Warning signs of Parkinson's4th March 2008
Dr Thomas Stuttaford writes about Parkinson's disease and its early symptoms in The Times.
The European Brain Council (EBC) has this week been examining how Parkinson's disease affects patients and their relatives, in addition to its effect on health services.
The EBC also talked about how well the treatment options for the disease were comprehended by doctors, patients and the press. Better comprehension of how Parkinson's affects sufferers means they have more chance of being treated.
It is important that patients are given specialist treatment and can find out more data from organisations such as the Parkinson's Disease Society. These organisations can ensure the most recent treatment options are kept in the eyeline of medical professionals.
Studies have revealed that the traditional symptoms of the disease - including tremors (shaking), rigid muscles, slow movements - are usually heralded by other signs.
Sleep problems, in particular wanting to sleep during the daytime, often come before the more well-known signs of the disease. Low moods which cannot be explained are another symptom, as is a person losing their sense of smell. Constipation and bladder difficulties are other signs. These symptoms can act as a warning sign for Parkinson's.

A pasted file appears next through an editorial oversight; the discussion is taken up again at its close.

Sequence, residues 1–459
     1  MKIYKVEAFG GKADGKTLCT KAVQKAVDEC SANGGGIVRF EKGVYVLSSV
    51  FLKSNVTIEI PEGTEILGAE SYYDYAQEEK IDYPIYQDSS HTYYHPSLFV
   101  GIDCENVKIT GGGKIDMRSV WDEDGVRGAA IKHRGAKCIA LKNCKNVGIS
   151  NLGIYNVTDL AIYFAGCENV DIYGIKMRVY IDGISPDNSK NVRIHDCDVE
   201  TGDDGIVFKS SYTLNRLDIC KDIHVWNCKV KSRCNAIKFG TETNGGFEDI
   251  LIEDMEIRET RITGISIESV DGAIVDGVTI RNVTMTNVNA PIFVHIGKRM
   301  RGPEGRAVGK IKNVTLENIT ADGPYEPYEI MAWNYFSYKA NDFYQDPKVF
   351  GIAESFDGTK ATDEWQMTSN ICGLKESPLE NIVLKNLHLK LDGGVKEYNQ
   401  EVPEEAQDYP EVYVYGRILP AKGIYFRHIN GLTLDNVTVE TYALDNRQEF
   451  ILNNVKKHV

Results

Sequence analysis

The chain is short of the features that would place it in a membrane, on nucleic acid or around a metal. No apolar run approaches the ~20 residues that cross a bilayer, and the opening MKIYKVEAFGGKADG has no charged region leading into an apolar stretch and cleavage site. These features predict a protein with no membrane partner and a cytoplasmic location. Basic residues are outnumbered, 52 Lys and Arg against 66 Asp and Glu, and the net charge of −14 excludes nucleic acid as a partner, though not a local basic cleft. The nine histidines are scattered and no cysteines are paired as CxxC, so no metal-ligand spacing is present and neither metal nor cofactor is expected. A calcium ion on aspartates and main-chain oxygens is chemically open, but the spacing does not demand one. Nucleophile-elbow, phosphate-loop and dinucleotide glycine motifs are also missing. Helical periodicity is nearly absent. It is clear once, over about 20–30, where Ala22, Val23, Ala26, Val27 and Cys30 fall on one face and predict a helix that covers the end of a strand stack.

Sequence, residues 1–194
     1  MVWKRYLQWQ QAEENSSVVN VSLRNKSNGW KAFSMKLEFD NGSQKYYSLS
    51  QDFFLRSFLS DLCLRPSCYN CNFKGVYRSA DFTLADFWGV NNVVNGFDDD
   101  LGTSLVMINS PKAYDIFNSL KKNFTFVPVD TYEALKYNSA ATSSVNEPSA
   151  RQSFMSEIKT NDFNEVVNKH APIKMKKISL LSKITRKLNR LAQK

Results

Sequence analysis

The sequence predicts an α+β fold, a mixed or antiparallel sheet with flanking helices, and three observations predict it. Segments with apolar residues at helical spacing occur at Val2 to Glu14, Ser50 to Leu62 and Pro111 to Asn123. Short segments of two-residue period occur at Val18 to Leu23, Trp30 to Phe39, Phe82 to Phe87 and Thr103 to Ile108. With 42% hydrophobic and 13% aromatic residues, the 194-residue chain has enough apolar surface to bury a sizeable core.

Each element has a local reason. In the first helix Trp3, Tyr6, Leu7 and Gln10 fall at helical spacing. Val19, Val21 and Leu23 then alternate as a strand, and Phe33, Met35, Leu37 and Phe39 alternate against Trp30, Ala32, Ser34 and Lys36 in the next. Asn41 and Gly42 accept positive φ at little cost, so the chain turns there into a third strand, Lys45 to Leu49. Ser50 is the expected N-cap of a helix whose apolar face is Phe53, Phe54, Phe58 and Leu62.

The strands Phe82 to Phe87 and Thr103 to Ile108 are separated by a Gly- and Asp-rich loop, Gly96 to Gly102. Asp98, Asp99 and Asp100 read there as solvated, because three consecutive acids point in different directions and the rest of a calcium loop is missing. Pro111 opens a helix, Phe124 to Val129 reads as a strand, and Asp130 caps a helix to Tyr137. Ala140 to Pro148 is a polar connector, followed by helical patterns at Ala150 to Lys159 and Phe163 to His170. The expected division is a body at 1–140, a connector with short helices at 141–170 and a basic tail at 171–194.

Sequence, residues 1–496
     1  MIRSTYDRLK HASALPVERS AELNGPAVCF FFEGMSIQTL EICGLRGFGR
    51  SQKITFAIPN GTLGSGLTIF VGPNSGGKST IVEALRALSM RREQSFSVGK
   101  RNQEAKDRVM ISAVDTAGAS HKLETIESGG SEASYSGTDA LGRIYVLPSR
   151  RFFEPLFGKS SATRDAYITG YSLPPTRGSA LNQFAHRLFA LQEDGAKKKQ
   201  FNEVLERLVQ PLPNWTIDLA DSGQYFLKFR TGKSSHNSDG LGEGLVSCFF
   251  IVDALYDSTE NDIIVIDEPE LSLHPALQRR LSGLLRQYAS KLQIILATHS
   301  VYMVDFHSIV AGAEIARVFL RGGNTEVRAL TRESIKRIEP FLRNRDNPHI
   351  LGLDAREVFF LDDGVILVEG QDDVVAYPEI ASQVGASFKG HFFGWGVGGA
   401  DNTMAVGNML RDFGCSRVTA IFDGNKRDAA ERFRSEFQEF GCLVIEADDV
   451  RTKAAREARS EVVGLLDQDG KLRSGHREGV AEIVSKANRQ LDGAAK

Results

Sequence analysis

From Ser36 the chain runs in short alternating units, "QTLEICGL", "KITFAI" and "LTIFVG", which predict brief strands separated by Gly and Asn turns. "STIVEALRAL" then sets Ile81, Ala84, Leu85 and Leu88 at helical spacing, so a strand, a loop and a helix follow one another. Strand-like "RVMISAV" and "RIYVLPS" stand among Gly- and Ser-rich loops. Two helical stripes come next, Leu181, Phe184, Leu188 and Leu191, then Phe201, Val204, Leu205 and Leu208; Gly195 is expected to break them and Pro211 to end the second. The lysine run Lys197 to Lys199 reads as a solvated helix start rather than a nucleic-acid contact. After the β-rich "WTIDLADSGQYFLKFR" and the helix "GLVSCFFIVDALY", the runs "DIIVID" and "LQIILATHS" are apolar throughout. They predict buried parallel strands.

Over the last 40 years, advances in treatment have transformed patients' experience of Parkinson's. The absence of dopamine in the brain causes the disease's symptoms. When the chemical is substituted, patients can lead more "normal" lives.
However, there are some side-effects to the treatment. One out of every ten patients find they want to gamble. Adding to dopamine levels affects other areas of the brain which can give patients "a high".
It is surprising how many patients feel the compulsion to gamble. A study conducted in 1983 looked at 1,281 patients who were given dopamine treatment. It found around one in 100 turned into gamblers, regardless of geographic location or if they had been gamblers before. Other patients were found to be addicted to shopping in order to get a thrill.
Increased sex drive was noted through levadopa treatment. Levadopa, according to research from 1969, showed it helped the physical symptoms of the disease as well as increasing desire in male patients.
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